Friday, April 21, 2017
Though they had a few more hits with Mr. Magoo, like Mister Magoo's Christmas Carol, the writing was on the wall. By the 60's the world wasn't as keen on movie shorts, so the animation studio shut down and the studio would go on to distribute Toho Studio's "giant monster" or kaiju films in the U.S. UPA would go on until one if its founders, Henry G. Saperstein died in 1998, and the company was sold off to Classic Media in 2000, ending the studio's history. Classic Media was shortly thereafter bought by Dreamworks, though UPA still holds the licensing rights to Mr. Magoo.
UPA, like Fleischer Studios, only came out with two feature films in its history, 1001 Arabian Nights, and Gay Purr-ee. I had only heard of Gay Purr-ee before researching the company, but have never seen it. 1001 Arabian Nights, which came out in 1959, is unique in that they shoe-horned Mr. Magoo into the film as Uncle Abdul Azziz Magoo. Yes, really. 1001 Arabian Nights was not the hit that UPA hoped it would be and it contributed to Columbia dropping them. Gay Pur-ee came out in 1962, and had the star power of Judy Garland behind it. Chuck Jones helped write the story and you can definitely see his animation style in the movie. Judy Garland and Chuck Jones' style was not enough, as the movie flopped, though critics liked it.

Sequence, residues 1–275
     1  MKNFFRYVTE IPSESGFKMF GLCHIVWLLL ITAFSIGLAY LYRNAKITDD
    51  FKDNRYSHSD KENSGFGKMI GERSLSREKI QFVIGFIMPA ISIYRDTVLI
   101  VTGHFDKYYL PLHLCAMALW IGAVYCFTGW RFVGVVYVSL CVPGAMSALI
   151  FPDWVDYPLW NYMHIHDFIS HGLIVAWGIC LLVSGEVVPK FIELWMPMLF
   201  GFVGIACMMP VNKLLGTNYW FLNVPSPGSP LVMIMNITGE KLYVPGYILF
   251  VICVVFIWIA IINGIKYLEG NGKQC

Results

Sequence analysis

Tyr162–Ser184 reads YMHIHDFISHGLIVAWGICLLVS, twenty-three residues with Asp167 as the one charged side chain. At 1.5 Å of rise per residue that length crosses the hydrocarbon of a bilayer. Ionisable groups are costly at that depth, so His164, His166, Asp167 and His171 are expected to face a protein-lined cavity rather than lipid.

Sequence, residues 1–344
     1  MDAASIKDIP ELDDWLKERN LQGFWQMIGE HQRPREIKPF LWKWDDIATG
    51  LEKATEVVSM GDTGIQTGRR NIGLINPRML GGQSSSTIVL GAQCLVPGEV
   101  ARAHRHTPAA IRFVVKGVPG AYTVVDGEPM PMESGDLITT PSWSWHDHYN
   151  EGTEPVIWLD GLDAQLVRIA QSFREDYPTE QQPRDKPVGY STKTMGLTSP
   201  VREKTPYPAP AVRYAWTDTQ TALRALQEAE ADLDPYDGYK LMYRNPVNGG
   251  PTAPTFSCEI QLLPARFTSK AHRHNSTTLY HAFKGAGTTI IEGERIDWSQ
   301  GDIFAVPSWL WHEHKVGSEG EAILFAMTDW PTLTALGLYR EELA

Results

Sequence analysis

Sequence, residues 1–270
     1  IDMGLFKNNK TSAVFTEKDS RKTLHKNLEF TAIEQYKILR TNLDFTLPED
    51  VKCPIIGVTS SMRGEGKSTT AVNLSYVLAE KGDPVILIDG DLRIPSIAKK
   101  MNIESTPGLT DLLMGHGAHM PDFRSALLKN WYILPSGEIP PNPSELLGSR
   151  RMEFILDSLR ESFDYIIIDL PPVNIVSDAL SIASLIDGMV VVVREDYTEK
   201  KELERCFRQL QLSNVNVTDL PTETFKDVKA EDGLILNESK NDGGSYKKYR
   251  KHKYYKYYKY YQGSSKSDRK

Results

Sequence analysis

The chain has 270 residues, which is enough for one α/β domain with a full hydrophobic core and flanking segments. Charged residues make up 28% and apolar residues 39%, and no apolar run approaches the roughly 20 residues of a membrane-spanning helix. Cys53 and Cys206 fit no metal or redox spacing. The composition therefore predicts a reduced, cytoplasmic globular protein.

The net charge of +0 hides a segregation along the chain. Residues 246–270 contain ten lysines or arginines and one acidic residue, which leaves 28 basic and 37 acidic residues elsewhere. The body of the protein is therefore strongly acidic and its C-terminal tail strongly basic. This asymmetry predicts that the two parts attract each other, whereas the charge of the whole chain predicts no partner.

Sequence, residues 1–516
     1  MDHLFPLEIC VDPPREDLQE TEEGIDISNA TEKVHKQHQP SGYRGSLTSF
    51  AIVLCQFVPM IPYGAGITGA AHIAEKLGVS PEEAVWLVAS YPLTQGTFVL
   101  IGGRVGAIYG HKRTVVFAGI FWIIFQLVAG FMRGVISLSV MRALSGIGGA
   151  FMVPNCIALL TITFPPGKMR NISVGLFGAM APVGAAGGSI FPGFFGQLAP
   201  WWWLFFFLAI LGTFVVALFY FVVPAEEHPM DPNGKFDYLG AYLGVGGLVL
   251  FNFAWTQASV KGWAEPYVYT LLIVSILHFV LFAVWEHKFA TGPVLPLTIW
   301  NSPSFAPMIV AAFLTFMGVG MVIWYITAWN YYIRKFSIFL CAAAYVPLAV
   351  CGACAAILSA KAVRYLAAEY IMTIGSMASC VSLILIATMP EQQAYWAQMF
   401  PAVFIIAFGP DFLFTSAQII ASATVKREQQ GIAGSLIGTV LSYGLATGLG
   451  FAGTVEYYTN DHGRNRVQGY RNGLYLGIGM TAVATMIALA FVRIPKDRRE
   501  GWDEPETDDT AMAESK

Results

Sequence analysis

Not sure if you're seeing a trend yet, but while these animation studios could compete with Disney on a shorts level, they could not when it came to theatrical releases. That sort of competition won't come around until the 1980's. Still, these movies are still worth noting, as they still hold an important part of animation history. Animated films outside of Disney were few and far between, and not all of them were that bad.